You can also take a tour on a Vespa, for instance to visit the locations of the famous motion picture Roman Holiday (starring Gregory Peck and a Vespa). If you find all this a bit too much for your taste, you can rent bikes all over the city as well.

Hop on a bike at night
In Rome, many buildings are illuminated at night. Not only in the smaller streets, but also monuments, like the Colosseum. Most of these monuments are in or near the city centre. Therefore, a bicycle is an excellent way to view the city and its culture. You can rent one yourself, but in summer you can also book a guided tour by bike. The guide will answer all the questions you may have.

Learn all about Dan Brown’s Angels & Demons
Rome has a leading role in the famous books of Dan Brown. This was obvious in the bestseller The Da Vinci Code, but Angels & Demons is also largely set in the Italian capital. You can go on a special tour where the true history and the books of Dan Brown take centre stage. This is not just for hardcore fans of the author.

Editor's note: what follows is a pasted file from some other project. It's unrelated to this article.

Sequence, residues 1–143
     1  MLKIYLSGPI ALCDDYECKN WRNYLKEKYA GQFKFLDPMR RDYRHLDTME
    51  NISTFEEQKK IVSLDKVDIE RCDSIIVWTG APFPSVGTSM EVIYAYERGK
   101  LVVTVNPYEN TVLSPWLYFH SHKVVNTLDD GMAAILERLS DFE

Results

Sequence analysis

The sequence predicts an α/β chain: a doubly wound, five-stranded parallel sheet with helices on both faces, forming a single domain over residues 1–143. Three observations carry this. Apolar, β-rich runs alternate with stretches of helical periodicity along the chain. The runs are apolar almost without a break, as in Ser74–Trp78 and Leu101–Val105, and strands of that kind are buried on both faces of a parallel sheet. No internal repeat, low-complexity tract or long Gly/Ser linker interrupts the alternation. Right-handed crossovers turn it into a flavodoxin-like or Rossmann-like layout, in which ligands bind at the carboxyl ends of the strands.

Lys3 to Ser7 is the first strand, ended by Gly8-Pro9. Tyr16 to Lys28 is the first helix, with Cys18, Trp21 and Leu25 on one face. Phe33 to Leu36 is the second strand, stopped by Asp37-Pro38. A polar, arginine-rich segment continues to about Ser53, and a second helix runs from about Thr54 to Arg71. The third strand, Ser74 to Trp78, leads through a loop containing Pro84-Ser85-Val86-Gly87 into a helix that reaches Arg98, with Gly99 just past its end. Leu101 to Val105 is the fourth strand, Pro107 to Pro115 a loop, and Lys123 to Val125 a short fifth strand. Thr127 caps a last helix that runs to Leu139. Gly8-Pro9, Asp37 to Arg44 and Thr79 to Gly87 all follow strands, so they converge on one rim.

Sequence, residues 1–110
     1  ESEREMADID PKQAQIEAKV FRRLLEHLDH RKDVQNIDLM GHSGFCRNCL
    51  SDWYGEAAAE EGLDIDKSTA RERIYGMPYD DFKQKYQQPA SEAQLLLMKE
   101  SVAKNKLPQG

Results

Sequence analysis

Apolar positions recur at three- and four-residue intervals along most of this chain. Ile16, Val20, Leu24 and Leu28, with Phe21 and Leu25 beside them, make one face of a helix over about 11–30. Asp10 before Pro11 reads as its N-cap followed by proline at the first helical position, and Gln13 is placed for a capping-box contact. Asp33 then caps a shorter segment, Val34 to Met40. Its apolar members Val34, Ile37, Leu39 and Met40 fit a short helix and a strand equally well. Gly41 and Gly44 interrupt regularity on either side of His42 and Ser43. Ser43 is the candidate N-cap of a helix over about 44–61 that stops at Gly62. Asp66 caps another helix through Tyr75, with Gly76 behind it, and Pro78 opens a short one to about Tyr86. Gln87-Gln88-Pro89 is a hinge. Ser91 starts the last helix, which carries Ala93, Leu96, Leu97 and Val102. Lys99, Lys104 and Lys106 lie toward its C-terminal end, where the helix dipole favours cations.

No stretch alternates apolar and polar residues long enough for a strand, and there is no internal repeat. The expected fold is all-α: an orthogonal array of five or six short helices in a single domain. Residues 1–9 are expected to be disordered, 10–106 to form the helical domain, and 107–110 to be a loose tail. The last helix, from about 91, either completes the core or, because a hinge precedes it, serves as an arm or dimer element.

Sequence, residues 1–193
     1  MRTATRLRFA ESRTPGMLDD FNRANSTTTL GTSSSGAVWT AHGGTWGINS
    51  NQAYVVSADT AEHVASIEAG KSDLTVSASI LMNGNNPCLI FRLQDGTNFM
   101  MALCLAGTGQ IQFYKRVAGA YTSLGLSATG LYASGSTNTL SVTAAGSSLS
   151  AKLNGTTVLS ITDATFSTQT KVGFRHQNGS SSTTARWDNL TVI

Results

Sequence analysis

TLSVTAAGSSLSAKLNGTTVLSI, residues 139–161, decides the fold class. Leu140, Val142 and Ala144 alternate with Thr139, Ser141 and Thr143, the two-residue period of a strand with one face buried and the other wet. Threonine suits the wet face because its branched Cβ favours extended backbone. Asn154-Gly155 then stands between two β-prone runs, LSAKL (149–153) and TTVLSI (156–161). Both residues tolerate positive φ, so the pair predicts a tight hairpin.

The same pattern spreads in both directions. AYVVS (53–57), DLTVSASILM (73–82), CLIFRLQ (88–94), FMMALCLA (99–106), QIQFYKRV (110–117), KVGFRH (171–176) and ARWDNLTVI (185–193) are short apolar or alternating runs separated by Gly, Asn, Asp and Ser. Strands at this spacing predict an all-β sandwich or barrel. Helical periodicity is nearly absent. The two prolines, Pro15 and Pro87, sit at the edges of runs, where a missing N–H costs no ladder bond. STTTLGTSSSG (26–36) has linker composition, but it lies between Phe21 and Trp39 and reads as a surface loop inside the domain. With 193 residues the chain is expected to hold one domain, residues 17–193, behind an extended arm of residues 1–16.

Sip a cappuccino on a piazza
Rome has many piazzas. Among the most famous of these small squares is the Piazza di Spagna, where English poet John Keats once lived. He died in a room with a view of the square, which is now a museum.

In the middle of the square is the Fontana della Barcaccia (the Fountain of the Old Boat).

This is a great place to sit down for a cup of coffee and just look at the people passing by. Another nice spot is the Piazza Navona, where you will also see many statues. This is Rome at its best. If you prefer to avoid the tourists, you can opt for many other squares.

Profile a criminal mind in Museo Criminologico
If you would like to crawl into the mind of a criminal, you should pay a visit to one of the lesser known museums of Rome. The Museo Criminologico on Via del Gonfalone 29 is, rather appropriately, located in a former papal prison.

The museum has an extraordinary, bizarre collection. You may think here of torture devices, all sorts of weapons, equipment for espionage, but also tools for burglaries. In some cases it is not hard to imagine what the intentions of the perpetrators were…

Explore the Mausoleums of Hadrian and Augustus
The Mausoleum of Hadrian, or Castle of the Holy Angle, is much better-known than Augustus’s. However, the Mausoleum of Augustus is still standing, while Hadrian’s is not. The construction was the same: a cylindrical tomb, covered with dirt and cypresses, a style adopted from the Etruscans.